The most emblematic part of the space is Els Bessons hill, formed by two points aligned north-south and of the same altitude (594 m), surpassed by the rest of the hills of the massif: Marquesos (655.9 m), which forms the roof of the space, the summit of Pouet (654.5 m) and Xiveta hill (632.8 m).
Note the large amount of natural vegetation on the slopes of the hills and mountain ranges, mostly scrub and bushes, as well as fragments of holm oak forest and Aleppo pine forests. The preservation of these continuous mantles of natural vegetation gives it a uniqueness and highlights the contrast with the flatter areas, mainly cultivated with dryland crops: vines, olives, almond trees and barley.
Throughout the entire space dry stone buildings in their different forms (dry stone walls, cabins, tile cabins, tanks and cisterns, etc.) can be seen, which, during the nineteenth century and until the middle of the twentieth century helped farmers to turn the land into arable land and make their lives easier.
FLORA AND VEGETATION
Biogeographically, the Bessons mountain range is located in a confluence zone of the continental subregion with the southern Mediterranean subregion. For this reason, the vegetation species present are holm oak, kermes oak and gutwort, among others.
There are also species of more restricted distribution typical of the southern Mediterranean subregion, with a more restricted distribution, such as Spanish broom or Ononis tridentata.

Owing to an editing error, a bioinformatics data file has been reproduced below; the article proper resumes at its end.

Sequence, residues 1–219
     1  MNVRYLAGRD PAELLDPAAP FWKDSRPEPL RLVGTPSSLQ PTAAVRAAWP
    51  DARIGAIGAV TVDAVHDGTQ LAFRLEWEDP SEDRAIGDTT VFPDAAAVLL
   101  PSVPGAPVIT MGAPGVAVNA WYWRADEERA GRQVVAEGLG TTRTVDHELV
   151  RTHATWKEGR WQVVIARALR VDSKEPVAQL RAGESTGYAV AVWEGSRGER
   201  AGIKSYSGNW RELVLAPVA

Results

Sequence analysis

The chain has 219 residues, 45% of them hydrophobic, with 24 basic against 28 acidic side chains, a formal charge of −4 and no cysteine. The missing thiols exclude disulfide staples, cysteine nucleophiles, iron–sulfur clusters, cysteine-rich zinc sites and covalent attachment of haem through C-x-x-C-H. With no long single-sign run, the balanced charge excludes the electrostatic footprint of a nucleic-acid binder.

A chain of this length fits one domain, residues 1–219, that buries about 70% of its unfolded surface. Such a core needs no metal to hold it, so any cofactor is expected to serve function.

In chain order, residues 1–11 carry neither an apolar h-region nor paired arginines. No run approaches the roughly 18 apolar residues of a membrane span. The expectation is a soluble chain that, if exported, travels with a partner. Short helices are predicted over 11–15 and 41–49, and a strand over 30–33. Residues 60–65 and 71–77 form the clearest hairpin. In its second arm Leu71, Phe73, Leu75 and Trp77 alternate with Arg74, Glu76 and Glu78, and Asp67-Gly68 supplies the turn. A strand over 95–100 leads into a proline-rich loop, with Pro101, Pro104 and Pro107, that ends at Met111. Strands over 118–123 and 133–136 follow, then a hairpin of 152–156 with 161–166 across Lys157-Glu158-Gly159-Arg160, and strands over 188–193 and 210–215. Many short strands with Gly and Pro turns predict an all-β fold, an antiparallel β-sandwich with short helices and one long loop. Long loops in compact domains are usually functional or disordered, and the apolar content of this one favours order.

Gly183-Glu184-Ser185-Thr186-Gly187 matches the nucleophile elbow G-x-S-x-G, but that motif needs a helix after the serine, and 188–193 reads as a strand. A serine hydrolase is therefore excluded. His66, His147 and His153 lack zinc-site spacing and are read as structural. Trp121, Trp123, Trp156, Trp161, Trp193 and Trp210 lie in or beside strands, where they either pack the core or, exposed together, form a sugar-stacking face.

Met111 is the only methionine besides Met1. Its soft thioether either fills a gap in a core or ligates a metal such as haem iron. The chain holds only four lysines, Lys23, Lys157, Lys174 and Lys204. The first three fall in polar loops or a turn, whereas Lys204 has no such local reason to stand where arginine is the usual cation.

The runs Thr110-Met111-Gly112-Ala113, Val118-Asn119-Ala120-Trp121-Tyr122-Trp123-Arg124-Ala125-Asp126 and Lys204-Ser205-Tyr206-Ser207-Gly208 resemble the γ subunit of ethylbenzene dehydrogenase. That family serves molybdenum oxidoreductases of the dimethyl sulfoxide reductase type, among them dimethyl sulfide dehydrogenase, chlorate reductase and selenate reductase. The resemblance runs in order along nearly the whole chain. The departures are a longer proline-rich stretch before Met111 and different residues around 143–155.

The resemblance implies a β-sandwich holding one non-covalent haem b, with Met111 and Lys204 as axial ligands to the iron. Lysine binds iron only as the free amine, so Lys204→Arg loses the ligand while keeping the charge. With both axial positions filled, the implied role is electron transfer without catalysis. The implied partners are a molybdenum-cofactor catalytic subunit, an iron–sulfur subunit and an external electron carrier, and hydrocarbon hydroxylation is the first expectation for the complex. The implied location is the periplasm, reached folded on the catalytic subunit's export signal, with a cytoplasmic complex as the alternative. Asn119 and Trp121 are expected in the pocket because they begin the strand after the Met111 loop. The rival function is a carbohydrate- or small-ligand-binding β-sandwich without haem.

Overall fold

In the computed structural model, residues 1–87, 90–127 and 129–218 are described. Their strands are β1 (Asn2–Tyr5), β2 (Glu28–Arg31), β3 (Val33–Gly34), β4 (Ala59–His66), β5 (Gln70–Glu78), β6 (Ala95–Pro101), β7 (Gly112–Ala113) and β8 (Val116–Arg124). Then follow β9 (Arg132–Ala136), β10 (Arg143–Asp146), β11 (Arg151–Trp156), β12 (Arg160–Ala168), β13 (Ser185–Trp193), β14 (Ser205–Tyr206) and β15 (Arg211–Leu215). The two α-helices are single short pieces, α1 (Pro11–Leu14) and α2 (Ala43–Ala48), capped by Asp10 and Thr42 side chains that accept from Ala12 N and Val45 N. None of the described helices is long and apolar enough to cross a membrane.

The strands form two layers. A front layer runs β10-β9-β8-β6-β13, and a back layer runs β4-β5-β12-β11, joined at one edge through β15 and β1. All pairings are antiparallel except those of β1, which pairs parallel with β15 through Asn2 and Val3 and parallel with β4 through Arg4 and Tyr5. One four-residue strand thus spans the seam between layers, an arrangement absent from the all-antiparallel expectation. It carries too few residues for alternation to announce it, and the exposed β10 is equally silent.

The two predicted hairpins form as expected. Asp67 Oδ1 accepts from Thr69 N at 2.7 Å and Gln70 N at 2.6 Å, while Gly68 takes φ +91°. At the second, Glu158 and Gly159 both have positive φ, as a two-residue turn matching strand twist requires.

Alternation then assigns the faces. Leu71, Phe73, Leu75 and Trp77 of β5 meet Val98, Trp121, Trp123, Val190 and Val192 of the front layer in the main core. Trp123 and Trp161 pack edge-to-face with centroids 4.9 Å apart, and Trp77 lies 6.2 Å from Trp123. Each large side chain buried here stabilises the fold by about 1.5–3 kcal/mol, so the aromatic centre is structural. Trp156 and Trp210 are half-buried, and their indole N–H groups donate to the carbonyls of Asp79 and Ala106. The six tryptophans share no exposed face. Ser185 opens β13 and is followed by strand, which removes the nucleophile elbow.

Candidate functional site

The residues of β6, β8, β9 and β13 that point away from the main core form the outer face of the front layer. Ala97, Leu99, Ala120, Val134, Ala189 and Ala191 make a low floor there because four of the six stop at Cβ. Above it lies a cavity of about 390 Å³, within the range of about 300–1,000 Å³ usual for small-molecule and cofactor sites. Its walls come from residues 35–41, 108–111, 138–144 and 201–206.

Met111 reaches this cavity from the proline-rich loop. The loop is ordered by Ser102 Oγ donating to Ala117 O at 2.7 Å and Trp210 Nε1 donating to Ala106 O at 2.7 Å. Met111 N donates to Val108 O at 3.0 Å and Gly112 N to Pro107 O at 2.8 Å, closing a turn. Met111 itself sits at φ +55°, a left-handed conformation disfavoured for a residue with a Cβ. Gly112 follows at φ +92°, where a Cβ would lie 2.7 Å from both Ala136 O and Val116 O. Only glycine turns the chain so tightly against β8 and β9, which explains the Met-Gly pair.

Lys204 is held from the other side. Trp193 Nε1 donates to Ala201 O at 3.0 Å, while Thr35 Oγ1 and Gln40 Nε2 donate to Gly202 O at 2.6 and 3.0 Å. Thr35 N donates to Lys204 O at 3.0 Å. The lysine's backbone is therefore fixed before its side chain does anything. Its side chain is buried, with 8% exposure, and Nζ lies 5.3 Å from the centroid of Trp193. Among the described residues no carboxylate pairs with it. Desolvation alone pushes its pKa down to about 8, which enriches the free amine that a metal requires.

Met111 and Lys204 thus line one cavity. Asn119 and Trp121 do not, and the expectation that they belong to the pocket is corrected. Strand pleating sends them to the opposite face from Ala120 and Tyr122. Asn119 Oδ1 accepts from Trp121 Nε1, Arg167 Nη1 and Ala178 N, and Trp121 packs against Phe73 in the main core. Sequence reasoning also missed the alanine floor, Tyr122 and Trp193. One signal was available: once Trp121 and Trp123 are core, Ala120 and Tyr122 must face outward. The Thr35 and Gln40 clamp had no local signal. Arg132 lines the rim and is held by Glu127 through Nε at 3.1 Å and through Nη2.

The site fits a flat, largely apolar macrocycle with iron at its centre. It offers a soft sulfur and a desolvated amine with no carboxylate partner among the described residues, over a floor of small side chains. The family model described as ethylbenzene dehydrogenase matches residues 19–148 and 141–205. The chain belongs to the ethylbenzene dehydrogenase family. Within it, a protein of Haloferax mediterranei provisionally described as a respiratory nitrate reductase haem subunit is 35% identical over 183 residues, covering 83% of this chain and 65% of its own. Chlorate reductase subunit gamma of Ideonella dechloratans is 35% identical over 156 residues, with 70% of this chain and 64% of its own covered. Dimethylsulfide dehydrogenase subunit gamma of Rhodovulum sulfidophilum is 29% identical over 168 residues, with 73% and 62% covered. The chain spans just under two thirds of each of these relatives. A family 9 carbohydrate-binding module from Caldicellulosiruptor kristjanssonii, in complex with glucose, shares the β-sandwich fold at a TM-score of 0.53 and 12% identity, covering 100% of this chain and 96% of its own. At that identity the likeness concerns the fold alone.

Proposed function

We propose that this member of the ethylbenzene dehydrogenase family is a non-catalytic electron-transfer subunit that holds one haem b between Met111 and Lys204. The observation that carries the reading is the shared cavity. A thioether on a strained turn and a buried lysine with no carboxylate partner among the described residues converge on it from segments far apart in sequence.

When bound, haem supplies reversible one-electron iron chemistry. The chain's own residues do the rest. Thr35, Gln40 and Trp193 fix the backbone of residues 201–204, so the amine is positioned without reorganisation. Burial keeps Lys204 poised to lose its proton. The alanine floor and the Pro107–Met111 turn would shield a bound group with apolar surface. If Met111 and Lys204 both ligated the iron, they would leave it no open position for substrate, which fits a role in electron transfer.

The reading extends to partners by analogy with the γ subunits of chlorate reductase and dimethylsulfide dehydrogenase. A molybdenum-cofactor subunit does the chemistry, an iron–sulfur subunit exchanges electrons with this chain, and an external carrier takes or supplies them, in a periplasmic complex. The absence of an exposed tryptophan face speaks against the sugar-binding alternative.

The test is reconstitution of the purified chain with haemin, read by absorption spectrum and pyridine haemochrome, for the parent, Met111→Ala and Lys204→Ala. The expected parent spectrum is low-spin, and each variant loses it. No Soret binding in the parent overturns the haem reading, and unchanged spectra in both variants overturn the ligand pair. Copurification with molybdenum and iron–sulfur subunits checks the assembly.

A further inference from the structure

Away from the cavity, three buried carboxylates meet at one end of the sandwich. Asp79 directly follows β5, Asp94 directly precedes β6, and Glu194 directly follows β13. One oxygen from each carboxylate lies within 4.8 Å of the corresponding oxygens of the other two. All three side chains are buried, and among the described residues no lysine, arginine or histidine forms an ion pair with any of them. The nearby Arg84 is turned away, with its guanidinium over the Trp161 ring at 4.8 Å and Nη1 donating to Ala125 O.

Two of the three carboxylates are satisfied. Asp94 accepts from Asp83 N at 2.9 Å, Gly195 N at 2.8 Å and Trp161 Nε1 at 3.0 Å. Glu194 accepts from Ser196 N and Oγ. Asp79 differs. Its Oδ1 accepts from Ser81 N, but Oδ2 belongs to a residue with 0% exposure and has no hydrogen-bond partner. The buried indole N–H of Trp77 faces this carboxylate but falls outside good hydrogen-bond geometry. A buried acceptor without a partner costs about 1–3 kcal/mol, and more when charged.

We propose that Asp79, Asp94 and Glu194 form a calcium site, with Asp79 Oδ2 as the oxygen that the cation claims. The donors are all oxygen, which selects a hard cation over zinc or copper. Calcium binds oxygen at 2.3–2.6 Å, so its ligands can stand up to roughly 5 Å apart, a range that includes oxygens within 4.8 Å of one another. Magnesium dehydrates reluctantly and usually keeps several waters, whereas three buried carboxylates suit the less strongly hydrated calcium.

In addition, there are also species from the Eurosiberian region, in particular sub-Mediterranean. It corresponds to the vegetation typical of dry oak groves, to which species such as Valencian oak and bladder-senna belong.
As mentioned in previous sections, calcicolous scrubs occupy a good part of the territory and are dominated by rosemary scrub and slim-leaved flax with sage-leaved cistus. Along with the scrub, the garrigue dominated by kermes oak characterizes the plant covering of this natural area. The small fragments of meadows present in the areas of poorer soils are classified as habitats of community interest, since they contain a rich and varied flora of annual herbaceous species (ramose false brome, lampwick plant, ruta, etc.).
The mammals are made up of insectivores: the North African hedgehog, the European hedgehog, the greater white-toothed shrew; rodents: the garden dormouse, wood mouse, the brown rat, the Algerian mouse, the Mediterranean pine vole and the red squirrel.
The types of Mustelidae that are resident in the area include: the weasel, the beech marten and the ferret. The fox and wild boar are abundant, and the presence of roe deer has lately been detected. Currently, the rabbit has become quite abundant again.
Finally, the presence of the common bat has been noticed, as well as a colony of lesser horseshoe bats, which is a protected species classified as almost under threat.
In terms of reptiles, the ocellated lizard is very common.
This agroforestry vegetation landscape, which is very open, with low and bush vegetation interspersed with dryland crops, favours the abundance of partridges and, above all, rabbits, both preys of diurnal predatory birds such as the buzzard and nocturnal birds of prey such as the Eurasian eagle-owl, the barn owl, the little owl, the tawny owl and the long-eared owl.
Moreover, it is a scattering area for young Bonelli's eagle and golden eagle individuals (species under threat), from the Catalan pre-coastal and coastal mountain ranges as well as from other areas of the Mediterranean and Iberian peninsula, and southern France, where it nests in scarps and cliffs.
Although this is not strictly a steppe area, various steppe birds do nest here, such as the stone-curlew, the European roller, the stock dove, the greater spotted cuckoo, the black-eared wheatear, the red-legged partridge and less commonly the black wheatear.